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St Helena Conference - what I didn't know

How I do love that St Helena now has the capacity to host International Conferences. Thanks to our weekly flights and even 2 flights a week during our peak season (which is now basically) - we've got 52 guest speakers from 5 South Atlantic Islands and 10 countries right now on island telling us about the work they have done around the theme of this year's Conference is entitled 'Natural Capital.'

Now, just in case those frown lines appeared when I mentioned the term 'Natural Capital' like it did for me, here's the official definition that might helps those lines disappear:

'Natural capital can be defined as the world’s stocks of natural assets which include geology, soil, air, water and all living things. It is from this natural capital that humans derive a wide range of services, often called ecosystem services, which make human life possible.' (

Well as I sat there this morning listening to the Speakers, I was very proud and a bit flabbergasted at exactly how much work is going on in and around St Helena - some of it right under my nose & I didn't really know much about my admitted shame.

For example, in addition to the whale shark studies (this year they're focusing on research into how deep Whale sharks visiting St Helena actually dive); we have lobster studies (looking at whether this is a potential fishery market); plastic pollution studies (analysing the debris that washes up on our shores - which doesn't even come from St Helena...yet we're left dealing with the outside worlds problems) and much, much, more. And that was just a small piece of what was covered in the AM session of today's conference.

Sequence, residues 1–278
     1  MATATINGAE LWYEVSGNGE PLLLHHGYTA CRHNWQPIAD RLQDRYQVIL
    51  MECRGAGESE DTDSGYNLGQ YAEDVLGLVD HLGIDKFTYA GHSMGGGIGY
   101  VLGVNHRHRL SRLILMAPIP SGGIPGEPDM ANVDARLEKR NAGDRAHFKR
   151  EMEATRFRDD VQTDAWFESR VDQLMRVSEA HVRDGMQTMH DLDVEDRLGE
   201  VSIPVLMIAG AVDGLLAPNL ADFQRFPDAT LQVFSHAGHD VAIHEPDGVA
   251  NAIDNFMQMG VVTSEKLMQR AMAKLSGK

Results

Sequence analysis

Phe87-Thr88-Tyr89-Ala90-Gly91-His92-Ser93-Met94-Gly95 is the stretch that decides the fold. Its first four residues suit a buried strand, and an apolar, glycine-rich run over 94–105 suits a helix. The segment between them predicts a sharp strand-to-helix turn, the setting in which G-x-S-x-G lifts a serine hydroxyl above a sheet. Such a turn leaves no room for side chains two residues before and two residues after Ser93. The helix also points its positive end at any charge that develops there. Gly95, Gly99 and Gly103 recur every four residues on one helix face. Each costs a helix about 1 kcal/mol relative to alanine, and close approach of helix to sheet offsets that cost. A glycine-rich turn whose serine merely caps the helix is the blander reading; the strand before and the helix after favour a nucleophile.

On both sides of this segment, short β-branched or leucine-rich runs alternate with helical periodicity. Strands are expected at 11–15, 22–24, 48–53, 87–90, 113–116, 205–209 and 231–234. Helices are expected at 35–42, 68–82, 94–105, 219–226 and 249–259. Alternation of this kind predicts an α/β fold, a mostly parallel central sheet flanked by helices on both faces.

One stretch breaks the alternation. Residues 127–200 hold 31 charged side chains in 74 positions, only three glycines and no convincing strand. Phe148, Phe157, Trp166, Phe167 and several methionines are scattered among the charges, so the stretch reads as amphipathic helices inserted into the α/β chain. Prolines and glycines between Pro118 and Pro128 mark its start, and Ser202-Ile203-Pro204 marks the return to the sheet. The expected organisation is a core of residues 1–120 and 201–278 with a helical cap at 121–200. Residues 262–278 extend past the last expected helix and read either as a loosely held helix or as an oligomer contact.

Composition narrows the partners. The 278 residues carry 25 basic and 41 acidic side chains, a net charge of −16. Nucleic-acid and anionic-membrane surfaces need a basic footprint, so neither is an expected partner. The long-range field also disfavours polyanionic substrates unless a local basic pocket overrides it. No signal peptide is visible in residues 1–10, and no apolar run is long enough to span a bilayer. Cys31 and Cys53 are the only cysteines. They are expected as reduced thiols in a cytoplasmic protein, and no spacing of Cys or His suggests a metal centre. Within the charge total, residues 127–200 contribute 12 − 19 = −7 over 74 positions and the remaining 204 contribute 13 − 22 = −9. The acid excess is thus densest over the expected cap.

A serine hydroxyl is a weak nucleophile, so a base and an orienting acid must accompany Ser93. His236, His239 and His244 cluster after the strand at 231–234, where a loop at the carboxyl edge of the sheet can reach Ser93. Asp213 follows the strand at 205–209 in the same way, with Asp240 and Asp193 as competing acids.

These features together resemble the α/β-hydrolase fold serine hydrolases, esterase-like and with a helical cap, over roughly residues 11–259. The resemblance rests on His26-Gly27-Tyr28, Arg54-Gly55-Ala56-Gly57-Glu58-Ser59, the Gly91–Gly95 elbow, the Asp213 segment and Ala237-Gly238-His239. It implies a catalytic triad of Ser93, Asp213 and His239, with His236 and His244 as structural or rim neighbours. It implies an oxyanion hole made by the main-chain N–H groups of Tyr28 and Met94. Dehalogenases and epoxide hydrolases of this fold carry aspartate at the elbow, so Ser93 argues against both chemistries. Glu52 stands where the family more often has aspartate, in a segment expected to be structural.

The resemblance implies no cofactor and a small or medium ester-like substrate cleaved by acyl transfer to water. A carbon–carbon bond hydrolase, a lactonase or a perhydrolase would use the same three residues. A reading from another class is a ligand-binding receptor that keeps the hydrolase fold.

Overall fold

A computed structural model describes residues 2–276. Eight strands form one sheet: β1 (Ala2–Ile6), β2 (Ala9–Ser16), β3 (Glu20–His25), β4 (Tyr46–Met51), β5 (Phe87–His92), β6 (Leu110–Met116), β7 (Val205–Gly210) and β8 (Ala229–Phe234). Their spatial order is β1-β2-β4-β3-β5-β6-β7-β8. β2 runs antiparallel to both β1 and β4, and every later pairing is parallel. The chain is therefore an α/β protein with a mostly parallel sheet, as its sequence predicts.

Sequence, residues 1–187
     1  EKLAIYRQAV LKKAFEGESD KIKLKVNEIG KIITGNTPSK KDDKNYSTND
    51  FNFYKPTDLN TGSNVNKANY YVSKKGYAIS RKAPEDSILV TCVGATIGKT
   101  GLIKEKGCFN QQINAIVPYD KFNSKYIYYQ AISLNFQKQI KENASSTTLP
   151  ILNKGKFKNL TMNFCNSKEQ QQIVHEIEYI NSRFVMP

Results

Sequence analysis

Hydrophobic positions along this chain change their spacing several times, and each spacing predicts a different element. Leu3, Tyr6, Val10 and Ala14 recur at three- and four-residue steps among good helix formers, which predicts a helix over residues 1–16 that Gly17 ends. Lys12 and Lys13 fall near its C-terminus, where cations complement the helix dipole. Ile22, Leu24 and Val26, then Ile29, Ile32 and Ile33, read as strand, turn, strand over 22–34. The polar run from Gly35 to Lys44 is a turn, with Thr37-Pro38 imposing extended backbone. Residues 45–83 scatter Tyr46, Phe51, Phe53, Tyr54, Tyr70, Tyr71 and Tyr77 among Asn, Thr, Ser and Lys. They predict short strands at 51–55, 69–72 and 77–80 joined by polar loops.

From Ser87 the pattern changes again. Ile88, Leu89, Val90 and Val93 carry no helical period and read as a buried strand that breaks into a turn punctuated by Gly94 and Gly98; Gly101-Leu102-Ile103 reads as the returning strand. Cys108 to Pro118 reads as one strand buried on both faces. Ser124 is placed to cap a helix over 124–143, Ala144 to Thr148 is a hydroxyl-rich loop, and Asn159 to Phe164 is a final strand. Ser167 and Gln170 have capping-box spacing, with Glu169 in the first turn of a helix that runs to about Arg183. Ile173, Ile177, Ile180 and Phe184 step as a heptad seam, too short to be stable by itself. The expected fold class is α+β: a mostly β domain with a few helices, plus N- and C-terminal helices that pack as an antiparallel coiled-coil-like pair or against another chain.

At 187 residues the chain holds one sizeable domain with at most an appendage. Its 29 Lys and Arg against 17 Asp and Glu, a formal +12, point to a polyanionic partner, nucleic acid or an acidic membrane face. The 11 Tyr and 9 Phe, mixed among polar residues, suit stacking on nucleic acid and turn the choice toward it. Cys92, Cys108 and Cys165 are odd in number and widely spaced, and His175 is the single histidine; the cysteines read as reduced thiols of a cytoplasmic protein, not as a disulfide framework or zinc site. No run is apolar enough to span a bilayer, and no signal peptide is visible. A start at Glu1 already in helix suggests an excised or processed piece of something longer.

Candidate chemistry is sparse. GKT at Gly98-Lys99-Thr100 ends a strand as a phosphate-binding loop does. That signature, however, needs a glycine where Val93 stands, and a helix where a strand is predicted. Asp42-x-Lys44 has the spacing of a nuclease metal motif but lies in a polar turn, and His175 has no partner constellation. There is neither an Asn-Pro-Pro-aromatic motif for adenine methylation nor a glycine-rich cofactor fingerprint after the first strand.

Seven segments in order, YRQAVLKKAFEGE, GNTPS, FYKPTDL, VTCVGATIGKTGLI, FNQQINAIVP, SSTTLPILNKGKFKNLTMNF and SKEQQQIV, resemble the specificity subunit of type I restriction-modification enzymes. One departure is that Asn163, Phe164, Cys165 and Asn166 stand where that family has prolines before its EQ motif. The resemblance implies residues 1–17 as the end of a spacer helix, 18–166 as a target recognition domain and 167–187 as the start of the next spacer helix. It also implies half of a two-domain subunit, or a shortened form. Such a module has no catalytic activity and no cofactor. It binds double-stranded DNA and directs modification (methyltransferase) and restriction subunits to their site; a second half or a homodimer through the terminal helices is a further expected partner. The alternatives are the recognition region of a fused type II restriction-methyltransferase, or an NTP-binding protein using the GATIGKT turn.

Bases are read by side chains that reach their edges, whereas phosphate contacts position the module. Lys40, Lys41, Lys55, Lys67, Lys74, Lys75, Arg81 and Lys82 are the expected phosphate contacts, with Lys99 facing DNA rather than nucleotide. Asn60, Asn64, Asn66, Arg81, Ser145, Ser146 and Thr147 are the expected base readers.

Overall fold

I was particularly proud of our St Helena Marine Team who actually ran out of time during their talk due to having achieved so much over the last year - so a big shout out to our SHNT Marine Team seen above (Beth, Kenickie, Jamie, Luke). I think I will dedicate a future post to the work they have done so far as it deserves a bigger shout-out. Watch this space.

It was fantastic to see some of our young people attending the conference and asking very meaningful questions that help to inform their knowledge about their island as they will ultimately become the leaders off it. They could confidently tell you that it is important to conserve St Helena's marine environment so that they can continue to fish, swim and enjoy our ocean for years to come. They are also very well-versed in the phenomenon of the plastic pollution. Very impressive!

Well I really could go on about this morning's conference but what I was really struck by was the amount of work going on by people who are driven by a common goal to create a sustainable natural capital and bringing benefits to the local people who should be at the heart of the policies.

Currently St Helena has shown it's making a commitment to doing exactly that.

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